Understanding the difference between your standard aggregate functions and your X aggregate functions is useful because there will be scenarios for using one over the other.
How does SUM() work
Sum, average, min, max etc are all fairly easy to understand. They accept a single column input and aggregate the data. Here is the syntax from Microsoft Documentation.
Revenue = SUM('Sales'[Sales Amount])
How does SUMX() work
SUMX() on the other hand is an iterator. It will iterate through all the rows in a table and evaluate an expression. This is perfect for scenarios where you need to apply some logic before aggregating.
SUMX requires two inputs, a table and an expression.
Lets say we want to know the revenue but we don’t have a [Revenue] or [Sale Amount] column. Instead we need to calculate revenue from the number of sales and the price of an item. In this instance SUMX() is just what we need.
Revenue = SUMX('Sales', [Units] * [Unit Price])
It’s good to remember though that as SUMX() is an iterator this can be a costly function to process over large tables. If this becomes an issue then you best look for more advanced ways of computing the same.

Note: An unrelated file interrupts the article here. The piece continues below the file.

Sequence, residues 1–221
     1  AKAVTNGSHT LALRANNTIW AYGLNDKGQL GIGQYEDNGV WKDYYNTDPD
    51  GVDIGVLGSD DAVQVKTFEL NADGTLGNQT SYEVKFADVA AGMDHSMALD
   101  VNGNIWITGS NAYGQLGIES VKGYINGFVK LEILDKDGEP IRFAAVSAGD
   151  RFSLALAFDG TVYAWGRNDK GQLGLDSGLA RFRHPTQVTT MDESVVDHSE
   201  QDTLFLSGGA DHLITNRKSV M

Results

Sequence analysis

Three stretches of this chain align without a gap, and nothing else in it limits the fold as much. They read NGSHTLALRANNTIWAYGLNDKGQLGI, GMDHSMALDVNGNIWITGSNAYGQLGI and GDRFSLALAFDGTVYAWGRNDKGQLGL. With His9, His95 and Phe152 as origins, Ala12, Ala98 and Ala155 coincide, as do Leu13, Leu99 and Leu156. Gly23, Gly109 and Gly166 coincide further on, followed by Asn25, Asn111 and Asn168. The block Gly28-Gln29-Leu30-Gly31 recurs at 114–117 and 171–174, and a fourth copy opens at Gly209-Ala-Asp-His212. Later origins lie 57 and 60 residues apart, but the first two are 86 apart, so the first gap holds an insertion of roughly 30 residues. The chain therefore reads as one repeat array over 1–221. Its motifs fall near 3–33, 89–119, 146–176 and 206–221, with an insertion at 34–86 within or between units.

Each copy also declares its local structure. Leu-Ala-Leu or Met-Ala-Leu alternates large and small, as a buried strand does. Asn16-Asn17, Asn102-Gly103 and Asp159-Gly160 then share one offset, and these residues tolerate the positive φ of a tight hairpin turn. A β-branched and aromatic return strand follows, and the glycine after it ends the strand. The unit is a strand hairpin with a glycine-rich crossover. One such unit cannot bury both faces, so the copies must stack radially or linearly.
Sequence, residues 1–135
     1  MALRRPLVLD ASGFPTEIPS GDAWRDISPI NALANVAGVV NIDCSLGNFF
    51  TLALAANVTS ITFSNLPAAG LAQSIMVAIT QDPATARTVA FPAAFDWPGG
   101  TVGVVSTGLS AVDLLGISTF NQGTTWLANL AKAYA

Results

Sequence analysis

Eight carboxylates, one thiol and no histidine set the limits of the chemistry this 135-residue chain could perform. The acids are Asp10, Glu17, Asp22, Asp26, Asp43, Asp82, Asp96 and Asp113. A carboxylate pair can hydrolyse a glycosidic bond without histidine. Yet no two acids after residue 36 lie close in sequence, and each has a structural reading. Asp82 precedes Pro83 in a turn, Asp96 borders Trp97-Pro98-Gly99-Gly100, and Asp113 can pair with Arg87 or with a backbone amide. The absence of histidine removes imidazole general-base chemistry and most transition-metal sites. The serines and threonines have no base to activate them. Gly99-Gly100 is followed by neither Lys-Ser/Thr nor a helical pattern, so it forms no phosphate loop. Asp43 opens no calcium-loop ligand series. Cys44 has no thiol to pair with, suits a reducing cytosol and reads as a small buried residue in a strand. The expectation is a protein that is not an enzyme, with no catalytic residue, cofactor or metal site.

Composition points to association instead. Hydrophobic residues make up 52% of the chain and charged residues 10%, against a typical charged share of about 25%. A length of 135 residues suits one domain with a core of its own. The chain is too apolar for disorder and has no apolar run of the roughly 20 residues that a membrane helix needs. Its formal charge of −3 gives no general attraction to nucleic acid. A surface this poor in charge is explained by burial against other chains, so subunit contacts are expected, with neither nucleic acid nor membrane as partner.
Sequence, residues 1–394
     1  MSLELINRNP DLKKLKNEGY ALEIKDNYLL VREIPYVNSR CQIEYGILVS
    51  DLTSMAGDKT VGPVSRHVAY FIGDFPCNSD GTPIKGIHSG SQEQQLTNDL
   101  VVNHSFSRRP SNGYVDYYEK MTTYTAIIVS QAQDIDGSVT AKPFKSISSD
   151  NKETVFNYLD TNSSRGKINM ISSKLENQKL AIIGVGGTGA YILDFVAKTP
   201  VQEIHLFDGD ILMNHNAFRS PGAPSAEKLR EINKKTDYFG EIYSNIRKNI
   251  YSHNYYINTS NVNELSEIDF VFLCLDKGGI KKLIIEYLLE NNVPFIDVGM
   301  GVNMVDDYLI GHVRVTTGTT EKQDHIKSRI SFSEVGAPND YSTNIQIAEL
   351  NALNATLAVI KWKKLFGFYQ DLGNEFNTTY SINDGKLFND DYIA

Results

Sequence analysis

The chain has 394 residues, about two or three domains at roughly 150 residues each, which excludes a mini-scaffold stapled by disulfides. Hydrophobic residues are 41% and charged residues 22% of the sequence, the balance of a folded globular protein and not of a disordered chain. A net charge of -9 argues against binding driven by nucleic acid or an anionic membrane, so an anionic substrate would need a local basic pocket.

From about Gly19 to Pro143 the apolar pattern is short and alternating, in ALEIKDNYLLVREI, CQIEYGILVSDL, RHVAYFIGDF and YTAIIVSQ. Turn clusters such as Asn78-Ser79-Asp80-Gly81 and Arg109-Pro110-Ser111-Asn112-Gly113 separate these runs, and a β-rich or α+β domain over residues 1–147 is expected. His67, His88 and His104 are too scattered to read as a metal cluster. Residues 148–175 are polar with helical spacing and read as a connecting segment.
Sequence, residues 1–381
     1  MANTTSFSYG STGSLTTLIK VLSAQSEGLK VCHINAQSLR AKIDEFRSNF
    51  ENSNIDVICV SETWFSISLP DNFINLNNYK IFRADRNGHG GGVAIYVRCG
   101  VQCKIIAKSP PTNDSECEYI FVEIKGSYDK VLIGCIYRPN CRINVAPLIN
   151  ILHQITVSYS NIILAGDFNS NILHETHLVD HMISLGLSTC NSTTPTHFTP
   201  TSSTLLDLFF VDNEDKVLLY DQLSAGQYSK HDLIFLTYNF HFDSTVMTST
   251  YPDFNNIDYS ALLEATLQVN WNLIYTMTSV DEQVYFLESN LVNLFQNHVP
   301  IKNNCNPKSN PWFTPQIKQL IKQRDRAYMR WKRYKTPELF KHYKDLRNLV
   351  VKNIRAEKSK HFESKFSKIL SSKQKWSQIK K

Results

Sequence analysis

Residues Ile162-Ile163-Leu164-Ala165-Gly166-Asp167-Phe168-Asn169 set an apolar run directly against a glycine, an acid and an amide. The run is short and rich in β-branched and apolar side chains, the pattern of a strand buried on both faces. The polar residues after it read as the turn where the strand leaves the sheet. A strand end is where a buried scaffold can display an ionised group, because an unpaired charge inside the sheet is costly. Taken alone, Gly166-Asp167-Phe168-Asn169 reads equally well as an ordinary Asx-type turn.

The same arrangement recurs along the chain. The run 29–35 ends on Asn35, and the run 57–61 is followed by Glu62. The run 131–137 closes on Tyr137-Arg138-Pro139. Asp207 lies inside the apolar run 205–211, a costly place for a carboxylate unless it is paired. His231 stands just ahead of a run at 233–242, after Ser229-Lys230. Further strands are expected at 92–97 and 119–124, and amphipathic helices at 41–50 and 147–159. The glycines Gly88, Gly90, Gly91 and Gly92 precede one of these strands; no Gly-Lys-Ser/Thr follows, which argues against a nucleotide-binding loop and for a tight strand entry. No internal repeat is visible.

SUMX() with FILTER()
Because SUMX() accepts a table input you can also take advantage of providing filtered datasets. Lets say I want a column for calculating how much revenue we’ve generated from bulk sales. In this example I consider any sale where the quantity is greater than 50 to be a bulk sale.
Bulk Sale Revenue = SUMX( FILTER('Sales', [Units] > 25 ), [Units] * [Unit Price] )
Using SUMX() work out the % of revenue
We could also use the ALL() function in order to ignore row context and return a total of revenue at the row level. This enables us to then calculate the relative percentage of revenue.
Total Revenue = SUMX( ALL('Sales'), [Units] * [Unit Price] )
Using my new measure [Total Revenue] I can then create the following…
% of Revenue = DIVIDE([Revenue],[Total Revenue])